Rush,” written by Peter Morgan and directed by Ron Howard, opened to enthusiasm at the Toronto Fest, but ho-hum box office ($90 million worldwide) and a slew of other strong contenders indicated that it might have stalled in the awards race. But nominations last week from SAG Awards, Golden Globes and Monday’s Critics Circle Film Awards are clear clues that a lot of people admired the film, which centered on the complex relationship between Formula One racers Niki Lauda and James Hunt. Here, Howard, reached in the U.K. where he is directing “Heart of the Sea,” offered insight into the contributions of his collaborators, saying “a lot of very talented people did some of their best work on the movie.”

D.P.: Anthony Dod Mantle

I’ve enjoyed his work on other movies (including “Slumdog Millionaire”). He is an incredibly strong visualist, but he works from a place of emotion: He really likes to understand what the characters are going through and what the scene conveys. And he deepens the understanding of the scene; sometimes it’s lighting, composition or camera movement. It’s very purposeful, but he’s giving the illusion of spontaneity. There was a running conversation between us about race-car drivers and their relationship to the cars, and about competition and speed. For a driver, it’s all about hands, eyes and feet. It’s about their relationship to the car and how it’s performing that day, and how a driver’s sense of a track would change depending upon his mood that day. All of that led to a very interesting approach, which would influence where Anthony would put our onboard cameras. The cars were almost characters.

Music: Hans Zimmer

It’s a racing movie but it’s hopefully more complex and he was interested in how he could take it further. He loved the look that (D.P. Anthony) Dod Mantle was achieving. He asked me about the influences that I’d found. I said the number-one influence was (the 1970 Rolling Stones Altamont docu) “Gimme Shelter.” There is a sense of impending danger and doom, yet it is amid all this rowdy, sexy, glamorous, chaotic sense of who the Stones were and what it was like to be part of that festival. We were talking about the complexity of Jame Hunt. In trying to understand that myself, to get a perspective on the man, I had his handwriting analyzed and I talked about James as this paradoxical figure. He was also a collector and breeder of budgerigars, which we Americans call parakeets. They were an important, weirdly paradoxical component in his life. When Hans heard about these things, he went back and rethought James’ themes.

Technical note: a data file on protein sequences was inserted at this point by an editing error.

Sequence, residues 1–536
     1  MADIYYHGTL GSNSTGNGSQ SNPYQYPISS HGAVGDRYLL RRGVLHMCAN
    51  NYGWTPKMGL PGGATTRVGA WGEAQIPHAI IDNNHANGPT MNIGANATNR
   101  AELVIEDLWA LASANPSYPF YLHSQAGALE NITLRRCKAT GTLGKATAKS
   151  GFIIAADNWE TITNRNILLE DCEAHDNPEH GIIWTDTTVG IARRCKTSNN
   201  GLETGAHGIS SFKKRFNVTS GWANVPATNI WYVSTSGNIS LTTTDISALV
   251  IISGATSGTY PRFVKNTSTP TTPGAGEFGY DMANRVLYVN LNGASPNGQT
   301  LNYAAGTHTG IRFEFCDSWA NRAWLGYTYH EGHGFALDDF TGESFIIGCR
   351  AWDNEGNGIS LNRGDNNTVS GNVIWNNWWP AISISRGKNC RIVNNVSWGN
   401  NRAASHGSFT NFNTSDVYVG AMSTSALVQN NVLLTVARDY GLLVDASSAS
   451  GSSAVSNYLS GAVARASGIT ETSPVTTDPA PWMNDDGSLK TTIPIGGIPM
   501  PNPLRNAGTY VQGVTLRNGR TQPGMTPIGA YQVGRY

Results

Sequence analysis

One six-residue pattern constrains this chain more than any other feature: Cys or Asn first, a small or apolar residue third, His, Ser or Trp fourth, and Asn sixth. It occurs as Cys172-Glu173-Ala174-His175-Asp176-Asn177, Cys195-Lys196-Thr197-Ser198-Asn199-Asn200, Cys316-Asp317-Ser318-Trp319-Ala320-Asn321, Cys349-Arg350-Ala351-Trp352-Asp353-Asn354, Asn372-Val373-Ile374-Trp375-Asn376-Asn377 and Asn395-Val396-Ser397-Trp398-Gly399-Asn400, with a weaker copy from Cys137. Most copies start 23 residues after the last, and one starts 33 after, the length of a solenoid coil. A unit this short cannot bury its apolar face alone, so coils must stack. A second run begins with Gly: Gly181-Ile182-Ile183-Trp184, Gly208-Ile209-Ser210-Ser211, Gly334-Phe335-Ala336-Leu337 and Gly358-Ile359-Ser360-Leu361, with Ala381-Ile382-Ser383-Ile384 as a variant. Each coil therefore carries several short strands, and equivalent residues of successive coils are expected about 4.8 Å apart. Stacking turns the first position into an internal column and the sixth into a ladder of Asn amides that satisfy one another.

Editing: Daniel Hanley, Mike Hill

We’ve been a team forever, since (the 1982) “Night Shift.” In that time, they have done a lot of movies that had a lot of different tones. They’re chameleon-like, but their work is always based on character. They said “Rush” was the biggest editorial challenge they’ve ever faced. This film was shot in a less conventional way, more akin to a documentary. Scenes had to be discovered in post, and that was intention during the shooting. And the various races were a tremendous challenge. They began editing the various races by using archival footage before we began shooting so we could discover an aesthetic based in reality, not storyboards that were movie-like.


It was a German coproduction and we mixed the movie in Berlin; the team there knew a lot about the sport, which was a great advantage. Our team included Martin Steyer and Stefan Korte (sound re-recording mixers), Frank Kruse (supervising sound editor), Markus Stemler and Danny Hambrook (both sound designers). Hambrook was the production sound recordist. He’s a real petrol-head and was not only recording all the tracks, but he was putting mikes all over the real Formula One cars and he had this encyclopedic knowledge of the engines. So we asked him to stay on. It was unconventional, but that was our sound design. There was a lot of passion and a lot of testing. It was so important to differentiate the races. I was trying to give each one a different character, related to psyches of drivers at the moment, to take the drama and emotions onto the track.

Screenplay: Peter Morgan

I really appreciated what Peter did: Not only did he embody the basic truths of their lives, but he narratively shaped it. He looked at the truth, understood the characters and designed a structure that allowed the movie to build, engross and entertain. It was a strong draft when I read it; it took me only 36 hours to commit to doing it. (The script did not change dramatically during production), but Peter is dedicated to relentless refinement. We had creative conversations from the start, through the recording of the last voiceovers and wild lines. It was a narrative learning experience. If you distill some of the big elements (of the men’s lives), you’d find it really unconventional, sometimes frighteningly so. The final race is crucial — but it was not between the two men, which makes it a real storytelling challenge. It took a little rewrite and a little reshoot for us to achieve that important goal, with some audiences saying that was their favorite scene.

Directors on Their Teams runs Monday-Friday. Tuesday: Jason Reitman on ‘Labor Day’